20. Rare Variants in Neurodegeneration Associated Genes Revealed by Targeted Panel Sequencing in a German ALS Cohort.

    Science.gov (United States)

    Krüger, Stefanie; Battke, Florian; Sprecher, Andrea; Munz, Marita; Synofzik, Matthis; Schöls, Ludger; Gasser, Thomas; Grehl, Torsten; Prudlo, Johannes; Biskup, Saskia

    2016-01-01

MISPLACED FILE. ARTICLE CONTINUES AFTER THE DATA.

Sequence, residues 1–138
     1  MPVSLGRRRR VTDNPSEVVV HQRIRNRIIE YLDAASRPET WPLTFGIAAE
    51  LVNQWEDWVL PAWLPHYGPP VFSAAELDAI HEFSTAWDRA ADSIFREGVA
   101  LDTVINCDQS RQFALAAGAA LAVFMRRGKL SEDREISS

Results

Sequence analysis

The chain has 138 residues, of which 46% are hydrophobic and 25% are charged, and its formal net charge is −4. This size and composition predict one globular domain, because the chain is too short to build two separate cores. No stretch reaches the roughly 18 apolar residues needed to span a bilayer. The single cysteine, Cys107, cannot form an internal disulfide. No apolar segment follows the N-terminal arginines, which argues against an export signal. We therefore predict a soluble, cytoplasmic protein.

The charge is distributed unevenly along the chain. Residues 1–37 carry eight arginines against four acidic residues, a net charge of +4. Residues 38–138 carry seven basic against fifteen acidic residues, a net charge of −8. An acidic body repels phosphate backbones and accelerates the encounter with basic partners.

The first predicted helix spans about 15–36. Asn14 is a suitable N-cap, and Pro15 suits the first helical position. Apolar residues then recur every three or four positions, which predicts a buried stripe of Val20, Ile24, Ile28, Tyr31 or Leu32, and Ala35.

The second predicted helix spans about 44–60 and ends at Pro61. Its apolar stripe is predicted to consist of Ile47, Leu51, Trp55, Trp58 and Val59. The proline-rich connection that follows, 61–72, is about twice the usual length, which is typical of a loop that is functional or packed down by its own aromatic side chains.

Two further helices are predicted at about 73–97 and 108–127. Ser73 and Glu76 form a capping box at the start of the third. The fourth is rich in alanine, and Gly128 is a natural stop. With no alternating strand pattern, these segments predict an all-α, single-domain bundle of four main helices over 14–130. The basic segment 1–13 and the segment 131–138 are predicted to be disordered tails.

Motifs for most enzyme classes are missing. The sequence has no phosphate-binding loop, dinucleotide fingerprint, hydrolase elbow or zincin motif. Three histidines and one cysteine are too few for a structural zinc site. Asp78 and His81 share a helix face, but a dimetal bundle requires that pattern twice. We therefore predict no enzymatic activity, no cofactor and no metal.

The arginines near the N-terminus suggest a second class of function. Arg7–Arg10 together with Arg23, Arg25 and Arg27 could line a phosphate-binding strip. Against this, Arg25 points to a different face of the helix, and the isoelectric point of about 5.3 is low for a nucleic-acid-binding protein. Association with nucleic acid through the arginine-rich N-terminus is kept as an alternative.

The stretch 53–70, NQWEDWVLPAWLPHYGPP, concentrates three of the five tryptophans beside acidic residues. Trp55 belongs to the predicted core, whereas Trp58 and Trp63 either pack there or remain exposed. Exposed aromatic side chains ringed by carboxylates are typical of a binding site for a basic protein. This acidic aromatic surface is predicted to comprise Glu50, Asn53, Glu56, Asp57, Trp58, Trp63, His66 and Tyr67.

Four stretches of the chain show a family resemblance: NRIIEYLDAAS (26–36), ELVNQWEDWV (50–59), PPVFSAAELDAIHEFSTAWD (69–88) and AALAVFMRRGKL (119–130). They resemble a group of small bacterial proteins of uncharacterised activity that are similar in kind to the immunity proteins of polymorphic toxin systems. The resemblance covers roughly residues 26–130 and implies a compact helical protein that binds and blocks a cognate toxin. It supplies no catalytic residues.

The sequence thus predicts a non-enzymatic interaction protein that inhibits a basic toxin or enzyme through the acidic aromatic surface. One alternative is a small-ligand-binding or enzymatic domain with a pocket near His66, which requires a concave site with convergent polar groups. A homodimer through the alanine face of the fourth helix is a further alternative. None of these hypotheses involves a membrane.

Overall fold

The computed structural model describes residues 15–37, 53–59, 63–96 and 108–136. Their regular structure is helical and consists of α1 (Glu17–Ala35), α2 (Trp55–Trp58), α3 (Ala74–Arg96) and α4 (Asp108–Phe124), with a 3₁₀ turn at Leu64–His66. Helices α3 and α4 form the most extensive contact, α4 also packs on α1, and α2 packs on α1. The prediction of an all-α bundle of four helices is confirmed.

Amyotrophic lateral sclerosis (ALS) is a progressive fatal multisystemic neurodegenerative disorder caused by preferential degeneration of upper and lower motor neurons. To further delineate the genetic architecture of the disease, we used comprehensive panel sequencing in a cohort of 80 German ALS patients. The panel covered 39 confirmed ALS genes and candidate genes, as well as 238 genes associated with other entities of the neurodegenerative disease spectrum. In addition, we performed repeat length analysis for C9orf72. Our aim was to (1) identify potentially disease-causing variants, to (2) assess a proposed model of polygenic inheritance in ALS and to (3) connect ALS with other neurodegenerative entities. We identified 79 rare potentially pathogenic variants in 27 ALS associated genes in familial and sporadic cases. Five patients had pathogenic C9orf72 repeat expansions, a further four patients harbored intermediate length repeat expansions. Our findings demonstrate that a genetic background of the disease can actually be found in a large proportion of seemingly sporadic cases and that it is not limited to putative most frequently affected genes such as C9orf72 or SOD1. Assessing the polygenic nature of ALS, we identified 15 patients carrying at least two rare potentially pathogenic variants in ALS associated genes including pathogenic or intermediate C9orf72 repeat expansions. Multiple variants might influence severity or duration of disease or could account for intrafamilial phenotypic variability or reduced penetrance. However, we could not observe a correlation with age of onset in this study. We further detected potentially pathogenic variants in other neurodegeneration associated genes in 12 patients, supporting the hypothesis of common pathways in neurodegenerative diseases and linking ALS to other entities of the neurodegenerative spectrum. Most interestingly we found variants in GBE1 and SPG7 which might represent differential diagnoses. Based on our